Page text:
Now she has the entire resources of the state, from the national army to the monarchy, against her. "I don't really think there's anything they can do to me because they have wronged me. It's not like I have stood up to criticize the king for his ruling or anything like that. No, it's not about politics, it's not about the country. It's just about me and my family," says Lindiwe.

But Lindiwe's plight has highlighted the inequality of Swazi women under the law. Women can't own land or even apply for a passport without a husband or father's permission. Forced marriages are not uncommon or illegal in Swazi traditional culture. But urban, educated Swazis find the practice outdated. International rights' groups have criticized forced marriage as an act of violence against women.

Doo Aphane, a lawyer, mother, and director of the Women in Law Advocacy group, stands firmly behind Zena's mom, but says many Swazi people are afraid to do the same. "Our king is an absolute monarch. The mouth that never lies. So it becomes really beyond their comprehension that they can criticize anything that the king has allegedly done. And therefore it becomes a foregone conclusion that she should simply give up and forget about her daughter," Aphane says.

Even the king's first wife seems sympathetic to Zena's mother: "I don't blame her for what she's done, because she did it for reasons best known to her and best known to any other mother who'd want to do the same thing," says Lambikiza.

For Lindiwe, this case is not about marriage. It's about the way Zena, a minor, was taken, without her consent.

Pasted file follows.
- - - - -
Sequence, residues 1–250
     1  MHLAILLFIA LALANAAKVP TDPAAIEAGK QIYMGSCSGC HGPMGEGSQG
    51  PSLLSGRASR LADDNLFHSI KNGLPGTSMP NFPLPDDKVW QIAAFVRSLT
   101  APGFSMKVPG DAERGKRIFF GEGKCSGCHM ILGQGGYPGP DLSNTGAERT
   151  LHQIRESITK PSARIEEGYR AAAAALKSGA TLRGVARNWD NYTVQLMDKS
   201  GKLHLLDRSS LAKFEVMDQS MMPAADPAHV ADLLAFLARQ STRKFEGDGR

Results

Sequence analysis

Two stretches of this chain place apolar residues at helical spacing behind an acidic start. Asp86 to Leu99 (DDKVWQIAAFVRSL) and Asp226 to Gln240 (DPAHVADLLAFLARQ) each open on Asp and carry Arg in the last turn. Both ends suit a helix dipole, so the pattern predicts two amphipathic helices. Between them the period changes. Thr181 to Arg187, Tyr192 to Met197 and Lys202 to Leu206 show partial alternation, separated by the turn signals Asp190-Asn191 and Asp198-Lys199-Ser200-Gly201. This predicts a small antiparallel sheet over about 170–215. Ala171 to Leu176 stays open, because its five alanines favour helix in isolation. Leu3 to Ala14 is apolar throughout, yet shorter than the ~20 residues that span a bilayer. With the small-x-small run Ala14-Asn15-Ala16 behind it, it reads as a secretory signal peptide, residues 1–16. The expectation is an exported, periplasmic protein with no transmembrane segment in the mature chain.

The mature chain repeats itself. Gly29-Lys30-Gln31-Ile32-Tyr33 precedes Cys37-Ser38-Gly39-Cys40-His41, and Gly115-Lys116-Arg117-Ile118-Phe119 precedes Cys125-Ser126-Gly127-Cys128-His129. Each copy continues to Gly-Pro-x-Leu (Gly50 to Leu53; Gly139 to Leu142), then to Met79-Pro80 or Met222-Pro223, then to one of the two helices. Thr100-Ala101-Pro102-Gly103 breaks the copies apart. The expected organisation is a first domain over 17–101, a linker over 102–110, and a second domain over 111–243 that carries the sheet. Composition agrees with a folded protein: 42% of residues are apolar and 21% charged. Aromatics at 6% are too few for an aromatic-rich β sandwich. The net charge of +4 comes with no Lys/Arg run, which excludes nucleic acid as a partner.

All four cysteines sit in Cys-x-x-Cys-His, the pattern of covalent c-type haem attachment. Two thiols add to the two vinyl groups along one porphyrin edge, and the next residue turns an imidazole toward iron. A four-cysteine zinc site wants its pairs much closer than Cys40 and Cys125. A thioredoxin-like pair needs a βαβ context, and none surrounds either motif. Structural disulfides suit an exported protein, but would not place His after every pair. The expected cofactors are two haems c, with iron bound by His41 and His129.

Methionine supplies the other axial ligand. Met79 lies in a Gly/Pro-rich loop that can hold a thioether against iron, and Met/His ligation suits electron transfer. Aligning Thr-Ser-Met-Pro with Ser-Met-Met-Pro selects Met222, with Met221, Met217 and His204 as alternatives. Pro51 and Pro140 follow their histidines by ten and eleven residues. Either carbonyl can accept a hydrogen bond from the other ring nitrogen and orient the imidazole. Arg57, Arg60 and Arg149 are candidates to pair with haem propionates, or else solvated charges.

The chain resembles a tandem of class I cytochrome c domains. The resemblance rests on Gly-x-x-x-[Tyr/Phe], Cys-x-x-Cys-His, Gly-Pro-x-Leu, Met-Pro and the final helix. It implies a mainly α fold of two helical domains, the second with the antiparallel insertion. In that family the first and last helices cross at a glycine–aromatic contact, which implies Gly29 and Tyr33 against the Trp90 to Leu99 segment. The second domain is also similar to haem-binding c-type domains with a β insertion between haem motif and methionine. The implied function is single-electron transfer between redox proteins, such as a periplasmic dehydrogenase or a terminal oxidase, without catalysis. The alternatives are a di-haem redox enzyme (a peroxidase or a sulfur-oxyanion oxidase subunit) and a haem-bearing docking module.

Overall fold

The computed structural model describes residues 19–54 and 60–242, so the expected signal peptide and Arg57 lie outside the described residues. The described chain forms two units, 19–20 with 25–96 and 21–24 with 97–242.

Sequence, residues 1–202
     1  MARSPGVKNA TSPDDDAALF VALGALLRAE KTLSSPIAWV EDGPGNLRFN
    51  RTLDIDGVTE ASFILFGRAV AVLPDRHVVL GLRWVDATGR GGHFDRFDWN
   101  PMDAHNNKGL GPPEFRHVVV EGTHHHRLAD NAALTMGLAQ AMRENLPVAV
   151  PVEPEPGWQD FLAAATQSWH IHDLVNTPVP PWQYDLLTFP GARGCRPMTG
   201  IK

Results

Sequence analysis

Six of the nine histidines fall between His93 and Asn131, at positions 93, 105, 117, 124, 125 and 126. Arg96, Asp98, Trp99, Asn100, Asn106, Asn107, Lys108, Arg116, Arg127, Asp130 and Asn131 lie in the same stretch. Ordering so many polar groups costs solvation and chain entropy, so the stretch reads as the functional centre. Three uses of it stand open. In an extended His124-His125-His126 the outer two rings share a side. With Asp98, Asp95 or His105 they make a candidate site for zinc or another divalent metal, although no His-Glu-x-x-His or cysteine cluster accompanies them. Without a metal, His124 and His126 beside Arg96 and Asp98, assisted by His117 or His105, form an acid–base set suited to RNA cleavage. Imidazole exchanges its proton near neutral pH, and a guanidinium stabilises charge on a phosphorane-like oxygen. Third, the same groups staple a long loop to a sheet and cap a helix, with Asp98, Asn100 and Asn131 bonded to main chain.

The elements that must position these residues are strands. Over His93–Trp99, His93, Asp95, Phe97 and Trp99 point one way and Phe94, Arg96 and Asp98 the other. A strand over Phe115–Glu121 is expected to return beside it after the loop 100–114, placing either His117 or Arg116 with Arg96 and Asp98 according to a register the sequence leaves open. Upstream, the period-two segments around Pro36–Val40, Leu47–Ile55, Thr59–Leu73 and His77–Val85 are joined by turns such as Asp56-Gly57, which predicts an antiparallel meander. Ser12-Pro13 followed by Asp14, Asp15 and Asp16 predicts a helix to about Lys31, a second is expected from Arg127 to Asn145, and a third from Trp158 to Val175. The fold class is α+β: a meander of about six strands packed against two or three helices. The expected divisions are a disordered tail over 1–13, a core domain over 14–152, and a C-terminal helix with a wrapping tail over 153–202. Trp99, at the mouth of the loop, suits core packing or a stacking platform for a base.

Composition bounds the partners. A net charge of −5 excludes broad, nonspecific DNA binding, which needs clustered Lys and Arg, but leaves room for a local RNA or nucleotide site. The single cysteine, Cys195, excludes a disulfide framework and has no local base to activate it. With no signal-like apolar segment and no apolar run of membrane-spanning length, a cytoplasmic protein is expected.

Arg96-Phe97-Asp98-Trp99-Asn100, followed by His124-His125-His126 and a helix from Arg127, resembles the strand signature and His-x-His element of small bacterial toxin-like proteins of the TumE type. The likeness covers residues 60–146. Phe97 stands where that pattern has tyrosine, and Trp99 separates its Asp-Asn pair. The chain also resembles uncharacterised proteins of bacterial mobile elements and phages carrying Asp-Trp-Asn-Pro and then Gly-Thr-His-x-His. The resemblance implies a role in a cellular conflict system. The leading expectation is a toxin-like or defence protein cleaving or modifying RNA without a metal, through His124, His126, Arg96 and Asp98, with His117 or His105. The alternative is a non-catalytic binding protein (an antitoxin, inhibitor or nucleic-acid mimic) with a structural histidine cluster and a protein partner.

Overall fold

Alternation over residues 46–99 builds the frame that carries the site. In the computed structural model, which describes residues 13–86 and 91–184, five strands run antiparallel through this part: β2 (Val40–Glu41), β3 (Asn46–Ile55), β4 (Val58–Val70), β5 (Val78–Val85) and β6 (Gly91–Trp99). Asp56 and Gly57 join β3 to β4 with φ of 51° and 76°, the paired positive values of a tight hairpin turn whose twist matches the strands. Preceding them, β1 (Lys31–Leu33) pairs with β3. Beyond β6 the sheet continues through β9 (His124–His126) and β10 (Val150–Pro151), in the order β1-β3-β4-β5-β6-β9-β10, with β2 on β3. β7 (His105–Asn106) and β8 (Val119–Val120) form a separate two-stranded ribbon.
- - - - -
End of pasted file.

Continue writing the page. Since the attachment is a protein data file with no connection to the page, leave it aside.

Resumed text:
Logan asked the king whether Zena was abducted "Maybe the matter of—understanding it well in our culture," he said. "Others when they see someone saying 'Oh, I feel so sad about my kid. I don't know what's going to happen,' they would interpret that, that she is saying words like this. Whereas in the case, in the reality, it is not like that."

The king sees nothing wrong with the way things are done. For him, polygamy is a royal birthright. But not everyone is as tied to the tradition as he is, including Lambikiza. She says that in the future polygamy will probably not exist: "People more and more are beginning to question its authenticity, and the fact that we have HIV/AIDS now."

AIDS, she says, is a big issue in Swaziland: "It's alarming. Every four in 10 people now are infected with AIDS." Even the king is apparently aware. He allegedly had Zena tested for AIDS shortly after she was brought to the palace – something her mother did not know until Logan told her.

The palace has blocked Lindiwe's lawsuit at every turn. Lawyers sent by the court were prevented from talking to Zena. The attorney general, who is appointed by the king, ordered the judges to drop the case, but they refused.

The king says that eventually, Zena will see her mother. I think it's a matter of making the arrangements at the right time," he says. Asked if Zena could be interviewed, he said it was not up to him, but to "protocol."

"It's amazing, sometimes protocol is in charge of the king," he said.

Protocol refused an interview request for Zena. But on the day Logan met the king, he appeared in public with his new fiancé for the first time. Zena won't become his wife until she's pregnant.

So after months, her mother finally saw her daughter – but only in the newspaper. Traditional red and black tassels dangled from Zena's hair – a sign she now belongs to a man. The next morning, at a church service at one of the palaces, the king appeared. Seated next to two of his wives was Zena. To Logan, she looked overwhelmed.

Two weeks later, King Mswati announced he was taking his 11th wife – Noliqhwa Ntentesa, also 18.

After Zena appeared in public as the king's official fiancé, her mother gave up the fight and asked the court to postpone the case indefinitely.
  • David Kohn